Self-Knowledge for Humans

Self-Knowledge for Humans

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Human beings are not model epistemic citizens. Our reasoning can be careless and uncritical, and our beliefs, desires, and other attitudes aren't always as they ought rationally to be. Our beliefs can be eccentric, our desires irrational and our hopes hopelessly unrealistic. Our attitudes are influenced by a wide range of non-epistemic or non-rational factors, including our character, our emotions and powerful unconscious biases. Yet we are rarely conscious of such
influences. Self-ignorance is not something to which human beings are immune.

In this book Quassim Cassam develops an account of self-knowledge which tries to do justice to these and other respects in which humans aren't model epistemic citizens. He rejects rationalist and other mainstream philosophical accounts of self-knowledge on the grounds that, in more than one sense, they aren't accounts of self-knowledge for humans. Instead he defends the view that inferences from behavioural and psychological evidence are a basic source of human self-knowledge. On this account,
self-knowledge is a genuine cognitive achievement and self-ignorance is almost always on the cards.

As well as explaining knowledge of our own states of mind, Cassam also accounts for what he calls 'substantial' self-knowledge, including knowledge of our values, emotions, and character. He criticizes philosophical accounts of self-knowledge for neglecting substantial self-knowledge, and concludes with a discussion of the value of self-knowledge.

This book tries to do for philosophy what behavioural economics tries to do for economics. Just as behavioural economics is the economics of homo sapiens, as distinct from the economics of an ideally rational homo economicus, so Cassam argues that philosophy should focus on the human predicament rather on the reasoning and self-knowledge of an idealized homo philosophicus.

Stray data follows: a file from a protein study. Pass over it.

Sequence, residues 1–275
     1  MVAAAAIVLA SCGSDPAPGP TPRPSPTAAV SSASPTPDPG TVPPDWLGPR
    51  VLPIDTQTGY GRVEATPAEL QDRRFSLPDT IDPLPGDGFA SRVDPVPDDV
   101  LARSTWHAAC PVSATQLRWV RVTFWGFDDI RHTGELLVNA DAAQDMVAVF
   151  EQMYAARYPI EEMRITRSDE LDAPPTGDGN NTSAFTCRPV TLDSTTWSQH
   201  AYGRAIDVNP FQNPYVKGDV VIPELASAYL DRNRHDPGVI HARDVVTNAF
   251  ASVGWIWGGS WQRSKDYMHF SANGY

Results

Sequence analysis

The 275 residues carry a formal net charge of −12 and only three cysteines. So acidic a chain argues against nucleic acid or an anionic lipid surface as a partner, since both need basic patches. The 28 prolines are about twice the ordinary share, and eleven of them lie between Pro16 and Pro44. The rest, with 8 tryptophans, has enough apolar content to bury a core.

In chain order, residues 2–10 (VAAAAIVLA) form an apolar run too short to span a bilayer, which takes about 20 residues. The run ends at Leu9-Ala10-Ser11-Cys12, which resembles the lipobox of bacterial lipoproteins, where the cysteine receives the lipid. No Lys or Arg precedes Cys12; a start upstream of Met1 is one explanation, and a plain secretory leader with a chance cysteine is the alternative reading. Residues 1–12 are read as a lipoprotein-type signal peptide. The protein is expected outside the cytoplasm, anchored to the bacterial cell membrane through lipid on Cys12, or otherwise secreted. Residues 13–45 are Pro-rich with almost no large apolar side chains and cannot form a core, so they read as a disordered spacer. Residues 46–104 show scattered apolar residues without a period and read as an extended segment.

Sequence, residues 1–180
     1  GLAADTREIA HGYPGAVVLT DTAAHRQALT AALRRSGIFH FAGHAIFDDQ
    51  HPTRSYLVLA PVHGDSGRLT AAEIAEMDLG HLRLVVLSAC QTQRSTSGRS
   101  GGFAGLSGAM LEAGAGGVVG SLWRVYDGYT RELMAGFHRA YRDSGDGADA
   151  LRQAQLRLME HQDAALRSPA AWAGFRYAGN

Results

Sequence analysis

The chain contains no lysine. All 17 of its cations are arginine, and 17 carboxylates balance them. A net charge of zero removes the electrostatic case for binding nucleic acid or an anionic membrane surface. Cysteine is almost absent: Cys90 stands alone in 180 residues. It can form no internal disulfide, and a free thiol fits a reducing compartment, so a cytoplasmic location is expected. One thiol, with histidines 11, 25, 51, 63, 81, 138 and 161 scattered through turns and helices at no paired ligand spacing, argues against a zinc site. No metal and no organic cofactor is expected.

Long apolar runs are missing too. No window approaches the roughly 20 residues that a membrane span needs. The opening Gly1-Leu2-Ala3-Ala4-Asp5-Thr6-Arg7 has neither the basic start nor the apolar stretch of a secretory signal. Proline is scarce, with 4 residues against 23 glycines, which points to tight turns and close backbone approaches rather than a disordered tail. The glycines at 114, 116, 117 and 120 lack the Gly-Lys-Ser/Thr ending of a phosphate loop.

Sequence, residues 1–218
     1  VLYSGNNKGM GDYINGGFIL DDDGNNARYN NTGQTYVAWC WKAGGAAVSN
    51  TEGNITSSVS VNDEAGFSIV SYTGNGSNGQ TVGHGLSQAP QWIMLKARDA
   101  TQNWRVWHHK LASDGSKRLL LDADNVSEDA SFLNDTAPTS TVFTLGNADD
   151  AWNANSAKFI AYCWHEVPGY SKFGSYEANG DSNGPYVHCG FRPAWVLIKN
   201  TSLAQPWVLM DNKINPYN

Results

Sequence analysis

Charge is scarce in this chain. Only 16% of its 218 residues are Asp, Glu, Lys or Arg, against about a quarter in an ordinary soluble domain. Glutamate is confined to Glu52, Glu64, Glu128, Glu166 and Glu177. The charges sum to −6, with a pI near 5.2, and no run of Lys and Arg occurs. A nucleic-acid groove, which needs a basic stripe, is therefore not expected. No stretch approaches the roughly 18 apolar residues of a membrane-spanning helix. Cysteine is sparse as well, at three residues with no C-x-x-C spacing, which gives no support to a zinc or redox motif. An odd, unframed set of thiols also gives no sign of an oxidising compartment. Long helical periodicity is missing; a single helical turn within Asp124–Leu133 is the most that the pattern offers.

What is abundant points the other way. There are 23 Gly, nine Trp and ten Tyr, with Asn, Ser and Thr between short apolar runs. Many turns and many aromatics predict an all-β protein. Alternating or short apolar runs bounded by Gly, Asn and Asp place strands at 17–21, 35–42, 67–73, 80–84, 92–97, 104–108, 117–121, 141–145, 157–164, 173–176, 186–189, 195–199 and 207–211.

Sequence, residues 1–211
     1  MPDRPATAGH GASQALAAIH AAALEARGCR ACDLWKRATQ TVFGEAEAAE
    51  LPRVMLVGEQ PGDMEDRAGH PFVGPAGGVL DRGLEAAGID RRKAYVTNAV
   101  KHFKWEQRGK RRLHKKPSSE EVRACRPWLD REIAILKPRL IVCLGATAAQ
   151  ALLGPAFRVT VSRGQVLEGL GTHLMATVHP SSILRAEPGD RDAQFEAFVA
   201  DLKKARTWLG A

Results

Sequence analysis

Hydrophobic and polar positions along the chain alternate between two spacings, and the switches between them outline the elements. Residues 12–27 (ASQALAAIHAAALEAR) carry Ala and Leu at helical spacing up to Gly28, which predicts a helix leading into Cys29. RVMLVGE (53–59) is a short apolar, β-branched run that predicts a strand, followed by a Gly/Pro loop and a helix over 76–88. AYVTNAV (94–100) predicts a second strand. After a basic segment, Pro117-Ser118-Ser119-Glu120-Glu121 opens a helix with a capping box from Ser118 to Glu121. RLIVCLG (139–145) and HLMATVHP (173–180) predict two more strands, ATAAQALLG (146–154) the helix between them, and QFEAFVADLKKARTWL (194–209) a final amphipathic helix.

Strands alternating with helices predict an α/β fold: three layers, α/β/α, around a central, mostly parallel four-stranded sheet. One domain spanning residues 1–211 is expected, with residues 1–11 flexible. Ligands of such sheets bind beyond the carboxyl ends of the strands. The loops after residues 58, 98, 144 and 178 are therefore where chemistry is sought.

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Product details

  • Hardback | 256 pages
  • 164 x 241 x 20mm | 544g
  • Oxford, United Kingdom
  • English
  • 0199657572
  • 9780199657575
  • 864,193

Table of contents

Preface ; 1. Homo Philosophicus ; 2. The Disparity ; 3. Substantial Self-Knowledge ; 4. Self-Knowledge for Philosophers ; 5. Reality Check ; 6. Psychological Rationalism ; 7. Normative Rationalism ; 8. Predictably Irrational? ; 9. Looking Outwards ; 10. Looking Inwards ; 11. Self-Knowledge and Inference ; 12. Knowing Your Evidence ; 13. Knowing Yourself ; 14. Self-Ignorance ; 15. The Value of Self-Knowledge ; Bibliography ; Index
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Review quote

I highly recommend Cassam's book. It provides a deep, yet admirably accessible study of self-knowledge and surrounding issues, and is full of helpful and often surprising insights. * Michael Roche, Mississippi State University, The Philosophical Quarterly * A particular virtue of the book is its unwavering insistence that philosophical views about self-knowledge must be judged by their fidelity to what self-knowledge actually is, namely, an untidy phenomenon in the lives of cognitively limited creatures...Cassam's realist outlook is sensible and refreshing, and his effort to bring philosophical attention to neglected issues about self-knowledge is commendable. * Brie Gertler, Mind * Valuable for those interested in epistemology, philosophy of mind, and philosophical psychology ... Highly recommended. * Choice * is a truly fine book. It is clearly and elegantly written, and metes out criticism fairly while developing a number of lines of powerful argument. It demonstrates where most philosophical discussions of self-knowledge have gone astray, puts forward a plausible positive theory of insubstantial self-knowledge, and makes an important start on the project of examining the nature and importance of substantial self-knowledge. It deserves to be widely read. * Notre Dame Philosophical Reviews Online *
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About Quassim Cassam

Quassim Cassam is Professor of Philosophy at the University of Warwick. He was previously Knightbridge Professor of Philosophy at Cambridge, and has also taught at Oxford and UCL. He is the author of Self and World (OUP, 1997), The Possibility of Knowledge (OUP, 2007) and, with John Campbell, Berkeley's Puzzle: What Does Experience Teach Us? (OUP, 2014).
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12 ratings
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